How do people use privacy
Young, old, women, men - they are all social beings. This means that they live and work with others: with their families, with neighbors or with work colleagues. In this coexistence there are degrees of public and private. How private and unobserved you feel has an impact on your behavior.
In the daily social interaction with different people you exchange ideas, tell private experiences, about hobbies, plans or worries. This information, which one reveals about oneself, is necessary and important because in this way one can learn from others and develop oneself further. But everyone also has secrets that he or she does not want to entrust to others or perhaps only to close friends, family or partner. And even if they are not actually secrets, you often want certain information to be inaccessible to others, because what is private and what is public should remain a self-determined decision. This is called the right to self-determination.
There is no hard line between what is public and what is private. That changes from generation to generation. The “Generation Internet”, some also speak of the “Generation Facebook”, carries more of their lives into the net public than previous generations did. Whether this is a good development and how far it will go remains to be seen. Only one thing is clear: the big US Internet industry thrives on the fact that young people carry more of their lives in public than older people used to do. Facebook, Google, Amazon, Apple, and others make billions of dollars off the fact that many people do not place special value on their own data.
But the question of how much you reveal about yourself is not only important for each and every one of you, but also for the society in which you live. If everyone knew everything about each other, it would be unbearable, no one would feel comfortable in their own skin anymore, everyone would feel observed in the end. In Germany there has been twice the situation so far that the state or society wanted to know everything about everyone: with the National Socialists in the Third Reich and with the Stasi in the GDR. Both systems were inhuman.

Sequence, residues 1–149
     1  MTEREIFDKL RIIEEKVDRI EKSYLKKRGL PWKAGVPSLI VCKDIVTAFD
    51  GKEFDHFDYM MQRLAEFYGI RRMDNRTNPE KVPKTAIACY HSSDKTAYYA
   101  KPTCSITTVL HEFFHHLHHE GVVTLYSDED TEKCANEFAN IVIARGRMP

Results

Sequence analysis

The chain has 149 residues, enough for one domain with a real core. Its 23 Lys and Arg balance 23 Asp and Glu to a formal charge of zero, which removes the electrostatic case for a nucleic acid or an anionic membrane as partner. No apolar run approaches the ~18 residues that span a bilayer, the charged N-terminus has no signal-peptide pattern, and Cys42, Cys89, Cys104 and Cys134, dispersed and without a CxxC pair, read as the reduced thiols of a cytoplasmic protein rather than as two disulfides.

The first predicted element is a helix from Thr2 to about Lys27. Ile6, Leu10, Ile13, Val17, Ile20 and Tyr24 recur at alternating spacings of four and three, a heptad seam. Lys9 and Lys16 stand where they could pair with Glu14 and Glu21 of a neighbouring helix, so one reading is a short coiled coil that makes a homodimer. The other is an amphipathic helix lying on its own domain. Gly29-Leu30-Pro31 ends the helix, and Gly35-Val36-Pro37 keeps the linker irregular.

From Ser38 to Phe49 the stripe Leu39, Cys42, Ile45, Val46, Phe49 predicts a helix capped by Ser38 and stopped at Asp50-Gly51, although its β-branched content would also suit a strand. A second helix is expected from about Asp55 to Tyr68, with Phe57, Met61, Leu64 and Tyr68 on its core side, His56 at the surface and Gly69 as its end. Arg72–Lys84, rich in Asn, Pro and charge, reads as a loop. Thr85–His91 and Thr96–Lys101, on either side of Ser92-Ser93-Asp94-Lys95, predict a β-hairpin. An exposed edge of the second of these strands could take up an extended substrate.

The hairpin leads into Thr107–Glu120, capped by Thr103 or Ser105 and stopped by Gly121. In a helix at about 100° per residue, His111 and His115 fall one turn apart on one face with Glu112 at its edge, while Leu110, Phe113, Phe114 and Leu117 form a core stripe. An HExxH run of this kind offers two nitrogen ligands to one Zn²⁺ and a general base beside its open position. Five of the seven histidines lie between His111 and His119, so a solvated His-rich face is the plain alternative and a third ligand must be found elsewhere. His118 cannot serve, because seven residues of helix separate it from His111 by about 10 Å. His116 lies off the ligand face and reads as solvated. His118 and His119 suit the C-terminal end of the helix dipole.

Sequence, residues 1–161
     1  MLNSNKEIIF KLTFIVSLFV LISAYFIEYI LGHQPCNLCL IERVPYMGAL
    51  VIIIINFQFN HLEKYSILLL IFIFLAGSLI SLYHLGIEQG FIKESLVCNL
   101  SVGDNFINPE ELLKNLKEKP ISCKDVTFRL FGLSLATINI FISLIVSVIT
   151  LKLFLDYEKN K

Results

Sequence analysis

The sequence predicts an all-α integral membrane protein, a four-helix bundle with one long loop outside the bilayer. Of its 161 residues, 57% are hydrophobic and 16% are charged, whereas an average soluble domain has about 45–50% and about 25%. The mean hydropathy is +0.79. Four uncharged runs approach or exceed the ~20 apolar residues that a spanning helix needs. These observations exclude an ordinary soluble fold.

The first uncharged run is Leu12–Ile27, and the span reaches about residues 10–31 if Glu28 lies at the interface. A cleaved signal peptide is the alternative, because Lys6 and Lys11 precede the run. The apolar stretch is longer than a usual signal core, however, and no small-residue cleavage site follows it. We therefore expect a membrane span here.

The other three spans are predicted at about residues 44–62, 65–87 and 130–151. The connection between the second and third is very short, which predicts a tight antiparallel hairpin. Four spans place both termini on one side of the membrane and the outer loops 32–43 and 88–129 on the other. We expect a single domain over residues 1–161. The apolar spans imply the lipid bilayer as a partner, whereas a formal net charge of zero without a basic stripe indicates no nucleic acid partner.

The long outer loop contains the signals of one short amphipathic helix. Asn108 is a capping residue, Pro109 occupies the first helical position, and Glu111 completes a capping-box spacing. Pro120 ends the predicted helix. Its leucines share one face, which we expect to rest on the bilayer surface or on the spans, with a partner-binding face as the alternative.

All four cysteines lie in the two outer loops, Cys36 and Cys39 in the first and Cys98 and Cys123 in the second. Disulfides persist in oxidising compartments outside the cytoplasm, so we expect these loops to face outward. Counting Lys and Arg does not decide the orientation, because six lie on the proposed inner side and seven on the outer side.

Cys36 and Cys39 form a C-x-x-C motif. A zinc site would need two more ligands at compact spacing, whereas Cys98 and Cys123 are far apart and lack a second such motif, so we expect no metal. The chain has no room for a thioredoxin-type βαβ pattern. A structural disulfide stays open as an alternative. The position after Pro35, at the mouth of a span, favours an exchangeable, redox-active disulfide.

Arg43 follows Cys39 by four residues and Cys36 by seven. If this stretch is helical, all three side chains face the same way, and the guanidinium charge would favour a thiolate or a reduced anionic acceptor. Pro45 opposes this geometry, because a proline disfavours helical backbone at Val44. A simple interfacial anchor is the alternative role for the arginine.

So does data protection law only exist to protect people's right to self-determination? No. Data protection is even more important. He also wants to ensure freedom. How so? Because this is limited when data about people is constantly collected and evaluated. The feeling of being watched can, for example, lead to you behaving differently than you would otherwise. So you give up some freedom to act independently. Federal President Joachim Gauck formulated this in July 2013 in connection with the NSA revelations by Edward Snowden: “The fear that our phone calls or emails would be recorded and stored by foreign intelligence services restricts the feeling of freedom - and there is therefore the risk that the Freedom in itself is damaged. ... We are a democratic constitutional state in which fundamental rights apply. Freedom is one of these basic rights. "
Is it true that data protection is also important for democracy? Yes. People who - because they believe they are being observed - behave differently from what they would otherwise do, are not determined by themselves, but by others. But a democracy needs self-determined people. Because only those who can determine for themselves what he or she considers right or wrong can also take responsibility for it. There is therefore no living democracy without data protection and the right to privacy.
And what is data protection supposed to prevent in the end? Anyone who has personal data knows a lot about them. But knowledge is - you learn that at school and in life - POWER. That is why there is also a DATA POWER. It is all the greater, the more data, e.g. commercial enterprises, but also the state of people have. Data power then extends to individuals and ultimately to society as a whole. Data protection wants to prevent this power from becoming too great in the end and thus ensure the fundamental right to privacy.
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